Summary:This is a solid performance by newcomer Usman T. Malik. The imagisitically stimulating story relates how Baba leads Daoud and through his ability to animate a murdered young man through resurrection points. Slowly, Daoud develops his ability to animate a dead chicken, a cat, and a human who seems to shrug on his own. Meanwhile, some community Muslims don't want to bury the dead boy in the graveyard because he was Christian. Baba pushes against them, but the Muslims overreact, torching a small village, killing many Christians.
The tale itself is compelling and sure to satisfy. Malik has developed Daoud into a Christ figure. Daoud paraphrases certain sentences, raises the dead, and bleeds from the palms. Presumably, he will drive the dead in to give these local Muslims a reckoning for their behavior, but it's not clear how long or strong these zombies will last. It's a great final image but hard to imagine what it will accomplish except to show discontent and cast Daoud in an evil light among the Muslims (perhaps a sequel is forthcoming). The tale seems to reveal discontent with violent answers to religious disagreement.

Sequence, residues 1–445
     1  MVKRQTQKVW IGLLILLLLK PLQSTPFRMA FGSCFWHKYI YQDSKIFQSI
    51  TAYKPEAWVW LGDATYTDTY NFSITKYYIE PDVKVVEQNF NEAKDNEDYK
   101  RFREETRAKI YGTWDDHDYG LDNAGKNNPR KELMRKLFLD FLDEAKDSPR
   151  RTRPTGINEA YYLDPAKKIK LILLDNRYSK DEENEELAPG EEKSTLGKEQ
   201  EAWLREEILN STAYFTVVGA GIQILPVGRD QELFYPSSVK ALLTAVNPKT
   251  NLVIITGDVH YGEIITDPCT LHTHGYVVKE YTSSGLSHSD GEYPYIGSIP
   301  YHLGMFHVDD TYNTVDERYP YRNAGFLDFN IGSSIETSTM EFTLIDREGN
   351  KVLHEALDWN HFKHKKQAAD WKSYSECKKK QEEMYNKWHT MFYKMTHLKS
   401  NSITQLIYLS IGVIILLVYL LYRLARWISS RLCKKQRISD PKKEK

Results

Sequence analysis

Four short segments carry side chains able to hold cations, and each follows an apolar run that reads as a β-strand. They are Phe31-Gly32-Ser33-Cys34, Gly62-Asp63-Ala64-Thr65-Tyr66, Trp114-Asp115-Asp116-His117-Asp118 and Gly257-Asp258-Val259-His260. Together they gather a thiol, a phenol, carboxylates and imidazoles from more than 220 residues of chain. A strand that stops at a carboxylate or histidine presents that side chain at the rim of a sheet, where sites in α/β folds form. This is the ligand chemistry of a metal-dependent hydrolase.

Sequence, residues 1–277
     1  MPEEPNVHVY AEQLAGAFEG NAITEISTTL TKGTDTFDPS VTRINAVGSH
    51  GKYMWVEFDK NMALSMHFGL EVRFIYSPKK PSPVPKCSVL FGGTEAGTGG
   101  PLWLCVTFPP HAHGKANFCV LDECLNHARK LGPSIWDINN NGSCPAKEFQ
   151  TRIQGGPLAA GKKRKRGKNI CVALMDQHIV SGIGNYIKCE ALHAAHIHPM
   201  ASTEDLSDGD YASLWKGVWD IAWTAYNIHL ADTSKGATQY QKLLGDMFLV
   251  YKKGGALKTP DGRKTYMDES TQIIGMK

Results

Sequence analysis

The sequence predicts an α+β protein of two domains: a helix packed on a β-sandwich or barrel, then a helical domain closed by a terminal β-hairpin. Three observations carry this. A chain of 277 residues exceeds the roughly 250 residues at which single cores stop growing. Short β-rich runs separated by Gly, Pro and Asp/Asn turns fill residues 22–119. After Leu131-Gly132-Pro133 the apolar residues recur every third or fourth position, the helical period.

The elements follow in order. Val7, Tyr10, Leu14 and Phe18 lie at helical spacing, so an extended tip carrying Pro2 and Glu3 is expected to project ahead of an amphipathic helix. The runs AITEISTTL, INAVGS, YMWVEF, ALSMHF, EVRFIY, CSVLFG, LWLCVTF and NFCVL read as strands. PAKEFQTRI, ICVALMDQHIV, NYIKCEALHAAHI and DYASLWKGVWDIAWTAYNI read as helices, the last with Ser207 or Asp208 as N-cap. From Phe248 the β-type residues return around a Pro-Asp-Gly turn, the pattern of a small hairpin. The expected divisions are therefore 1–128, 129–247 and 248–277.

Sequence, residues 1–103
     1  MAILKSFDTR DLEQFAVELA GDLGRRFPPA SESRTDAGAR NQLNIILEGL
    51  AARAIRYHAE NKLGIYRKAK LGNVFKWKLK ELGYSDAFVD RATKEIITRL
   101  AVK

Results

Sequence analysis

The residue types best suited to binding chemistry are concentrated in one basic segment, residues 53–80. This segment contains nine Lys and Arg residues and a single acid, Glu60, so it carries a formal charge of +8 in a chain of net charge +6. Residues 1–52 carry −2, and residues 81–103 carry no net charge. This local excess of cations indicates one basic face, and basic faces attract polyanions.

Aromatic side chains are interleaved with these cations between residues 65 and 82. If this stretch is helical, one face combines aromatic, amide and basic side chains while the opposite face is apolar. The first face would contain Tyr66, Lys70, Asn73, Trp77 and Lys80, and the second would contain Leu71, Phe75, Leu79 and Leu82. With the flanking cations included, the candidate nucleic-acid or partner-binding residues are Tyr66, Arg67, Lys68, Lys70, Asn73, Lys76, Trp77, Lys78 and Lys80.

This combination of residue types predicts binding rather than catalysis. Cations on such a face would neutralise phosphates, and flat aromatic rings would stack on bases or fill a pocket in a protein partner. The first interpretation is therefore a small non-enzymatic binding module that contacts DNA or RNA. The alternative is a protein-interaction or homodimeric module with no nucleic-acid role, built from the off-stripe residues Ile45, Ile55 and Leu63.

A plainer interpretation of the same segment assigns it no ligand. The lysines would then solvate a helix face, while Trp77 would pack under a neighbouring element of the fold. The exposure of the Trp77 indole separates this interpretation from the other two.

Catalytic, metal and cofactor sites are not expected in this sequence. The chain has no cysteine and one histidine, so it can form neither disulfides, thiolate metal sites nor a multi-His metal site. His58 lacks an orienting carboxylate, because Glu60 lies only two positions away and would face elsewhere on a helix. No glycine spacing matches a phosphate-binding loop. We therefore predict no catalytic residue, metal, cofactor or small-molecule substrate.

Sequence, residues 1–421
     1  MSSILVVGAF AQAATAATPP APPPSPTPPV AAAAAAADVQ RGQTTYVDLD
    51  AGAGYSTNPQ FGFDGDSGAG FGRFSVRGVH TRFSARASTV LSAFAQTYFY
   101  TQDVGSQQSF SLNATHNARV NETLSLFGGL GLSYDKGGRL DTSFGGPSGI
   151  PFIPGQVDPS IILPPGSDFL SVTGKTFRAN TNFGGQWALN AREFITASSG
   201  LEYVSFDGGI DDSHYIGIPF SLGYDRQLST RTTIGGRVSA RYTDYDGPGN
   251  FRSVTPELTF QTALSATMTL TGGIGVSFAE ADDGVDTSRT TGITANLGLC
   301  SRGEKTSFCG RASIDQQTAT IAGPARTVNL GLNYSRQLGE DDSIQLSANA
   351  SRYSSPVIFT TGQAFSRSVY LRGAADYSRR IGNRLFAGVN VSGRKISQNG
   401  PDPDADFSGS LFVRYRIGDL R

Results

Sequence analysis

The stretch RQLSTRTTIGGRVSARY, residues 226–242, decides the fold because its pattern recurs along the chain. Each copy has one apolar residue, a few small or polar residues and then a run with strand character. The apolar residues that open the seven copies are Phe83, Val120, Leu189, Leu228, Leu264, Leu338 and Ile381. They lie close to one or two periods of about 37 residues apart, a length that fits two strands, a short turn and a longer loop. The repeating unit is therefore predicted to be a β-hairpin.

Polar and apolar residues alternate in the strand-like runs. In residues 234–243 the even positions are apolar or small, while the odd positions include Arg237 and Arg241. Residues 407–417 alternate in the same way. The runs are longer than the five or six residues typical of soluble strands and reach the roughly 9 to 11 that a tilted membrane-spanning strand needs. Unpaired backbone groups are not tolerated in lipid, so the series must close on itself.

Although much of the tale is outside Daoud, it is solidly told. Likely, Usman T. Malik will be a writer to watch. A discussion of his other story, "The Vaporization Enthalpy of a Peculiar Pakistani Family", can be found here. Both stories admirably treat the problematic issue of violence within a culture.